Official Journal of the Neurootological and Equilibriometric Society
Official Journal of the Brazil Federal District Otorhinolaryngologist Society
Introduction: Cochlear Implantation (CI) surgery has long been used as an effective treatment for children with bilateral profound sensorineural hearing loss who failed to benefit from the use of hearing aids. Among other factors, the age at which implantation is done is thought to have an effect on the speech progression outcome of patients postoperatively.
Objectives: The Jordanian CI Program) has limited resources, and Jordan has an underdeveloped early screening and intervention program for deafness. In this study, we aimed to explore the effect of age at time of implantation on receptive and expressive language outcomes in Jordan, to guide funding and focus efforts on patient groups who would benefit most, thus reducing unnecessary longterm morbidity and disability, and improving cost efficiency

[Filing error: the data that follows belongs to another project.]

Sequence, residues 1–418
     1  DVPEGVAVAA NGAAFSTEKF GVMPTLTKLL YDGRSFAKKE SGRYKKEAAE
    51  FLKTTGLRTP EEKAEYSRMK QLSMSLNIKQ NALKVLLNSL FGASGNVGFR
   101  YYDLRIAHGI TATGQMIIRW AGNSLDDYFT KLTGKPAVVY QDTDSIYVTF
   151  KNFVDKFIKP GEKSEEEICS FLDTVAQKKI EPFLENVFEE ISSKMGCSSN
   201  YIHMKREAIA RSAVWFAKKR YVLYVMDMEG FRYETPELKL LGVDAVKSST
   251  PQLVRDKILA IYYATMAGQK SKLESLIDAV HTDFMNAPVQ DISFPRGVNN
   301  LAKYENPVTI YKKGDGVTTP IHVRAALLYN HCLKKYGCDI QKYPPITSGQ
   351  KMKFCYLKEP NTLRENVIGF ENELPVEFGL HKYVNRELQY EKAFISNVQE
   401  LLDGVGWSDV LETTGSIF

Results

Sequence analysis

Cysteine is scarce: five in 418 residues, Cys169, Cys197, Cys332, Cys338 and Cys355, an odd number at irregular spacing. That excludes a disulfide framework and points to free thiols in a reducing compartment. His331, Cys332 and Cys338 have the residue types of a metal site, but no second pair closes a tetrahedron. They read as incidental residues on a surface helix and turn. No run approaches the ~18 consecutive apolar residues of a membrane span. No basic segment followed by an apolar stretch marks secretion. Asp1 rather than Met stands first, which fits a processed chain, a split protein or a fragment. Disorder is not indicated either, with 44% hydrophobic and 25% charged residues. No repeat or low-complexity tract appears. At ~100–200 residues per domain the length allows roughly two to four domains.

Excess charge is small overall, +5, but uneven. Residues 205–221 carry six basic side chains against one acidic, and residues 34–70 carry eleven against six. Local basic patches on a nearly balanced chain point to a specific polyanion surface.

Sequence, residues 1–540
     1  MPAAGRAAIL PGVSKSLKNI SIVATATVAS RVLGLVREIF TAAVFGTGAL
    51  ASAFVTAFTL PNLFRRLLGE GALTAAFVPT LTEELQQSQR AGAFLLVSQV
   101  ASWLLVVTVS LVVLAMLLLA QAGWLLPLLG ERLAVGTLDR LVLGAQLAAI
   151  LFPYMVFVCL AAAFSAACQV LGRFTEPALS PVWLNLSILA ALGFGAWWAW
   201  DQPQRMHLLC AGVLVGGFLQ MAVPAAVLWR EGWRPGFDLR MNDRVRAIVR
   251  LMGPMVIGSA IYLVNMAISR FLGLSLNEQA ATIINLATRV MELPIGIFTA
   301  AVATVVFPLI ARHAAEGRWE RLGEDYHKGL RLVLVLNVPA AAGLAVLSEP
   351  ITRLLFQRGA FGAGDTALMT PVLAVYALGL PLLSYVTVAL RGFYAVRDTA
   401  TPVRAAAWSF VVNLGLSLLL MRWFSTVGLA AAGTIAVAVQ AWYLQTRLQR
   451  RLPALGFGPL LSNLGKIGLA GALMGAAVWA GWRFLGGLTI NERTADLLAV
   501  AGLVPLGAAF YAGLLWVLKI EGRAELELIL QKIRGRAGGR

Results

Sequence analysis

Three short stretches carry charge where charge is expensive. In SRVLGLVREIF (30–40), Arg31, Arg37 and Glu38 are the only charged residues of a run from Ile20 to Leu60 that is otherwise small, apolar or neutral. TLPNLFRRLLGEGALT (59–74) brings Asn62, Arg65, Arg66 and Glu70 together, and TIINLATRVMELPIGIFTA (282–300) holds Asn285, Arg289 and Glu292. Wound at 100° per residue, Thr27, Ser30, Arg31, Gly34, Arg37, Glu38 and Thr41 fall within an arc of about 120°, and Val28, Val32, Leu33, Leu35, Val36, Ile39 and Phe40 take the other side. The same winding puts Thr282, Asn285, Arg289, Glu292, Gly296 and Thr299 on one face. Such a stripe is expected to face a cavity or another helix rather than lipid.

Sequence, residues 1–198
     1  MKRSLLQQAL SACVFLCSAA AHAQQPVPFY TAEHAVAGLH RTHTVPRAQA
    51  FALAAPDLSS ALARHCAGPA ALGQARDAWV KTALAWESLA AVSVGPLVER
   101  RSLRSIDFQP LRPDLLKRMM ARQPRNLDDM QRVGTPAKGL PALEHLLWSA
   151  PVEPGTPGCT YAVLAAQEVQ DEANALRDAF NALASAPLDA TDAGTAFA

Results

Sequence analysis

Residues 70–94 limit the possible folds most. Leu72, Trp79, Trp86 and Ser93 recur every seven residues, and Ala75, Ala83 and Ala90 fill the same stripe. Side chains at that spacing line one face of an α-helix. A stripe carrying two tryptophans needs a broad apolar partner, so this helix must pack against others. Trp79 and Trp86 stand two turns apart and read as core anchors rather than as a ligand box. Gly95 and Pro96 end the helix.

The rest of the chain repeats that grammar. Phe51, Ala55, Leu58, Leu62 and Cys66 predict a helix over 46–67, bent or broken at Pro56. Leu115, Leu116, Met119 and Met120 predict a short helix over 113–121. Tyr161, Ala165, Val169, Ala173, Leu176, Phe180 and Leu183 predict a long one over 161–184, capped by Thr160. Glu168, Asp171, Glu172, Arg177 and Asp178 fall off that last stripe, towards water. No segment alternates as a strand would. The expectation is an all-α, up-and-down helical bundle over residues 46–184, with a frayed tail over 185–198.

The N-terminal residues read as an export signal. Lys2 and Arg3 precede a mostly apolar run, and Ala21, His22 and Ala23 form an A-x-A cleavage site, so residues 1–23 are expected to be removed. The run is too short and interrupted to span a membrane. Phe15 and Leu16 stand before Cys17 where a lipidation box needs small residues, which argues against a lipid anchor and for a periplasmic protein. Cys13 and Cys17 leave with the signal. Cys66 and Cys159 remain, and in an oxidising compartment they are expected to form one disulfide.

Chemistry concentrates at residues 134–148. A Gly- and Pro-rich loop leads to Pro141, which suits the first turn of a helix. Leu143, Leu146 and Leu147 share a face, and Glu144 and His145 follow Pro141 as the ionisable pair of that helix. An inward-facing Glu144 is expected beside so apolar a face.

Methods: Data was gathered from all major sectors in Jordan on patients who underwent CI from 2006 to 2018 (a total of 1815 patients). We compared the language outcome 2 to 4 years after implantation for patients aged below 3 years, 3 to under 6, 6 to under 9 years, and 9 and older at the time of implantation
Results and Conclusion: We found a statistically significant difference in language outcomes between patients aged below 6 years vs those 6 and older, with better receptive and expressive language outcomes in the younger age groups.Text PDF